Picture this real-life scene. You’ve boarded the plane and your neighbor for the next three hours takes his place next to you. Small talk inevitably turns to the following conversation:
Me: “What do you do for a living?”
Neighbor: “I sell underfloor drainage systems for large manufacturing plants. This is the fourth city that I’ve been to in three days. You see, our drainage systems are essential to modern manufacturing in order to …” – and on it went for about five minutes.
I must admit that I had never really thought about the topic before and my attention often wandered, but the magnitude of passion that my neighbor demonstrated for underfloor drainage systems for large manufacturing plants was amazing.
When he finally came up for air, about the best that I could do was mutter a half-hearted, “That’s very interesting.” While I DID find the topic rather interesting, I must say that I was also indifferent to the topic, and I may not have done a good job hiding that fact.
Now, after a brief awkward silence, it was my turn.
Neighbor: “What do you do for a living?”
Me: “I’m the national director of an organization called Lutherans For Life. We provide information from a Gospel perspective on life issues like adoption, crisis pregnancies, post-abortion syndrome, and physician-assisted suicide.”
Neighbor: “Oh, well, um, that sounds like very important work,” as he rather quickly and awkwardly implanted his noise-canceling/conversation-canceling ear buds for the duration of the flight. His intonation and level of sincerity on the word “important” felt to me the way my description of his work as “interesting” must have felt to him—indifferent.
I have read that the opposite of love isn’t hate, it’s indifference. Love and hate are both descriptions of passionate feelings about a topic. Indifference is the complete lack of interest in that topic. “I don’t care” is so prevalent in our society that it has its own abbreviation in the shorthand of texting and tweeting: IDC.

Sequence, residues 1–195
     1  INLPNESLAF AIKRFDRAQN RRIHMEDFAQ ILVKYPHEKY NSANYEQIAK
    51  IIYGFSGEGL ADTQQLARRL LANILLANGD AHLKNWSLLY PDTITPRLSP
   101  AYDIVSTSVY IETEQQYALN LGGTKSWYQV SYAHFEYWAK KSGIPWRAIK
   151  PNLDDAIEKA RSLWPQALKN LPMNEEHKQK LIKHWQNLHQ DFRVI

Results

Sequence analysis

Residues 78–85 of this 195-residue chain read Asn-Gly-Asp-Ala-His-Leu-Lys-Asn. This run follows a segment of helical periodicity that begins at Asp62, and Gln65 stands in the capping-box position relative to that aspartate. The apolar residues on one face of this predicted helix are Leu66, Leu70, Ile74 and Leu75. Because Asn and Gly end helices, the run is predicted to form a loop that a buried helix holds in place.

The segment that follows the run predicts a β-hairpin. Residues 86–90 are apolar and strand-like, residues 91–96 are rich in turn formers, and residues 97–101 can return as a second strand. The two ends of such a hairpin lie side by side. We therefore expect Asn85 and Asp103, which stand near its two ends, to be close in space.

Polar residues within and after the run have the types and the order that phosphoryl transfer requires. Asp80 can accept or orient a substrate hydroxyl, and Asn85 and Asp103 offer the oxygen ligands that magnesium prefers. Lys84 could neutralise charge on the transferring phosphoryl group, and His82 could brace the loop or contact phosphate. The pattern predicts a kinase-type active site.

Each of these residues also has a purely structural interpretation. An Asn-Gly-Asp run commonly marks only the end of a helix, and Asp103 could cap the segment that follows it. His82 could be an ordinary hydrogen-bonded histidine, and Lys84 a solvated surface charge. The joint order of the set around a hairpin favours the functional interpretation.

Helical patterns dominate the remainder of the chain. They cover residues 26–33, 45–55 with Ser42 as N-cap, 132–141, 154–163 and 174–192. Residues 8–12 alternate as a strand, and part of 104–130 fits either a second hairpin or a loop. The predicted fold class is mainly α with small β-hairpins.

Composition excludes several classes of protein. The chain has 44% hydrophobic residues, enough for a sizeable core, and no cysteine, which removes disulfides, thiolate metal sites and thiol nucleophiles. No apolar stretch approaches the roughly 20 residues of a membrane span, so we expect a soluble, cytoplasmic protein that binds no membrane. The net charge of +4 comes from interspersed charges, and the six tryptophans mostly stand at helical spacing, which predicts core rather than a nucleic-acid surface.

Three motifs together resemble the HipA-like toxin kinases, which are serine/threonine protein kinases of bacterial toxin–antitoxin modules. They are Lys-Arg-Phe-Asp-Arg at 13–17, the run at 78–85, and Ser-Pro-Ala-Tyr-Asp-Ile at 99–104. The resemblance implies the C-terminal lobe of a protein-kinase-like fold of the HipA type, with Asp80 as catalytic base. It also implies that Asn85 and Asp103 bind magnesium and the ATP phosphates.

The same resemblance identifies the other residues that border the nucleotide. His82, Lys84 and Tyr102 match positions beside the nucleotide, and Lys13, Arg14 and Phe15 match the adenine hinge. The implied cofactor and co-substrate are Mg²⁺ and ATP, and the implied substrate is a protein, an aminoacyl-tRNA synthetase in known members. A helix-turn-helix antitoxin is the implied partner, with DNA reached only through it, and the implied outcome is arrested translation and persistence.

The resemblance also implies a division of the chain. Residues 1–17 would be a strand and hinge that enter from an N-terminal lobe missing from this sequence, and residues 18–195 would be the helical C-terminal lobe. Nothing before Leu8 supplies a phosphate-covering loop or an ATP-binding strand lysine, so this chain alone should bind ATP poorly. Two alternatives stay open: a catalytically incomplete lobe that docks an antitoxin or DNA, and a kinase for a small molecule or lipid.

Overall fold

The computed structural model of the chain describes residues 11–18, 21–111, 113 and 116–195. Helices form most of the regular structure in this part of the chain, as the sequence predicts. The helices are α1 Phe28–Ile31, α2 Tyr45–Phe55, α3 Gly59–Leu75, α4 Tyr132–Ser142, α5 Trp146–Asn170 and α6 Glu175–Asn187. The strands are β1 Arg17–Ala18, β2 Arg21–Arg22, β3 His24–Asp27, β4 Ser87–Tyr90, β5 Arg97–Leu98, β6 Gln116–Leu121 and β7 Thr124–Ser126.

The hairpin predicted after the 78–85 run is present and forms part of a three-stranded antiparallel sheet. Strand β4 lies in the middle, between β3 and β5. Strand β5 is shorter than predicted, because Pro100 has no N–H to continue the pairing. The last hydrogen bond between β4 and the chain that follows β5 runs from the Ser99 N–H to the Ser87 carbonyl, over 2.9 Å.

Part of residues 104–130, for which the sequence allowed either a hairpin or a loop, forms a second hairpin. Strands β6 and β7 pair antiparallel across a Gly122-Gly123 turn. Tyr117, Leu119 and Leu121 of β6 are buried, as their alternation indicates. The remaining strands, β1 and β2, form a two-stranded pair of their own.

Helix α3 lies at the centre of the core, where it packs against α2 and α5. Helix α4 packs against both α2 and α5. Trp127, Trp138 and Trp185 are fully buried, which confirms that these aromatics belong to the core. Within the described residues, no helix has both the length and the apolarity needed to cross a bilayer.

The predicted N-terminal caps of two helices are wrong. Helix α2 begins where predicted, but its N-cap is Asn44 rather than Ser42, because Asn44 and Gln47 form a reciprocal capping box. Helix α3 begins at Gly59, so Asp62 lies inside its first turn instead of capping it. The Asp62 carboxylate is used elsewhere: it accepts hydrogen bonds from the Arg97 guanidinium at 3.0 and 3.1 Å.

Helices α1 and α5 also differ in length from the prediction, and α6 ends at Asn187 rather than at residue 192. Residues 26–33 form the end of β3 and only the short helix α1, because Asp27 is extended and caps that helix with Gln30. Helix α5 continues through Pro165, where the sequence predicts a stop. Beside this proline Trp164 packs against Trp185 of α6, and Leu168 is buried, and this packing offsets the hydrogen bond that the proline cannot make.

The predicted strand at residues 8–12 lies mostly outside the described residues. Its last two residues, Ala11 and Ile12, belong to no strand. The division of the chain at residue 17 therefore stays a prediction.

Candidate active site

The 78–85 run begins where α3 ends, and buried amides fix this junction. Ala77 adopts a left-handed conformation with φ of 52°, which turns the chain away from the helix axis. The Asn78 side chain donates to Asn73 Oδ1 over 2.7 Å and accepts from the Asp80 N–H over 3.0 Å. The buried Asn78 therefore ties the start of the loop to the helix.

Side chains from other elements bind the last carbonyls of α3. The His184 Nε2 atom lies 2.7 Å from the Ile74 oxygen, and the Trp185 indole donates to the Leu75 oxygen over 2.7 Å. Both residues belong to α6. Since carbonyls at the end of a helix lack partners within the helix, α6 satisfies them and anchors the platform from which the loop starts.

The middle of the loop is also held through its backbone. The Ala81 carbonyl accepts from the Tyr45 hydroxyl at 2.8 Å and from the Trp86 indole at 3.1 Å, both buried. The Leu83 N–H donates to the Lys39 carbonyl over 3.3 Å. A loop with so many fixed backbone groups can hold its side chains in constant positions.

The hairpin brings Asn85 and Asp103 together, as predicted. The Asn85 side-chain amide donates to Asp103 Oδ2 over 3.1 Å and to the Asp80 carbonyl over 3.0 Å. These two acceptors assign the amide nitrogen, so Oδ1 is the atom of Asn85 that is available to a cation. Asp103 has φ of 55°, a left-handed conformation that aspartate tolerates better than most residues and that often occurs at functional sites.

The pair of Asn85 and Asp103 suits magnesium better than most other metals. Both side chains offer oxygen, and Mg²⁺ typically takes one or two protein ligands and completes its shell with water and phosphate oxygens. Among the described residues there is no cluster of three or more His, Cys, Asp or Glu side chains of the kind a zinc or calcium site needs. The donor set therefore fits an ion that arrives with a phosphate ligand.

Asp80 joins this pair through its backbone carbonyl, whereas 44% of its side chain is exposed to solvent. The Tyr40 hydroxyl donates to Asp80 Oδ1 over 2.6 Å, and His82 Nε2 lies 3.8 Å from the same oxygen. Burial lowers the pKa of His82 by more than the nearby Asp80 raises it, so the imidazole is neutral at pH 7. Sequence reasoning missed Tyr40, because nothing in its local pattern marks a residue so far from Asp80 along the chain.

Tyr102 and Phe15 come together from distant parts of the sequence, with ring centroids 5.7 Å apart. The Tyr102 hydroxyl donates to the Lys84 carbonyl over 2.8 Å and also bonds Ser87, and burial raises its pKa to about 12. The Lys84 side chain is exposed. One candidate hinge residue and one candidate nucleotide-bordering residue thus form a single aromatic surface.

I often wonder if the biggest challenge before life-affirming Lutheran Christians isn’t in dealing with “pro-choicers,” but rather with folks who don’t care—“IDCers”? In a society that bombards us with information in an attempt to force us to care about baby fur seals, an endangered species of worm in a construction zone, or what someone said about a currently politically incorrect topic 50 years ago, it’s sometimes hard to muster much ongoing passion in the general population about an unsensationalized everyday miracle like human life.
Hopefully you know that the mission statement of Lutherans For Life is “Equipping Lutherans to be Gospel-motivated voices For Life.” But here is our vision statement, the higher-level goal of our existence: “Every Lutheran, both individually and in community, upholding the God-given value of human life and influencing society to do the same.”
Our society often says IDC to the miracle of birth unless he is born into Great Britain’s royal family or she is the daughter of a celebrity. Our society often says IDC to the fact that there are over twice as many suicides as homicides each year in the United States—and the rate keeps climbing. Our society often says IDC as its most experienced and wise members are allowed, and sometimes encouraged, to cut their lives short because they no longer feel useful to that same society.
But we have been created by God Who DOES care (not just often, but ALWAYS) about you and me, about every child who is conceived, about every person who feels useless and forgotten—even about those who say IDC about Him. He cared enough that He gave His Son’s life to redeem our lives for eternity.
And YOU care. We know you do because you’ve told us so by entrusting Lutherans For Life with some of your precious resources. You are not indifferent when it comes to proclaiming God’s truth about life from fertilization to eternity. You are not indifferent about the need to “equip Lutherans to be Gospel-motivated voices For Life.” And you care about “upholding the God-given value of human life and influencing society to do the same.”
Would you please help us again to carry out this mission and vision that God has given to Lutherans For Life? Through your gifts to Lutherans For Life, our combined voices will educate, comfort, and proclaim so that those who experience only indifference may know that God cares.
Thank you for your prayerful generosity!
(One way we educate is through our LFL 2019 Regional Conferences. Find out more at www.lutheransforlife.org/conference.)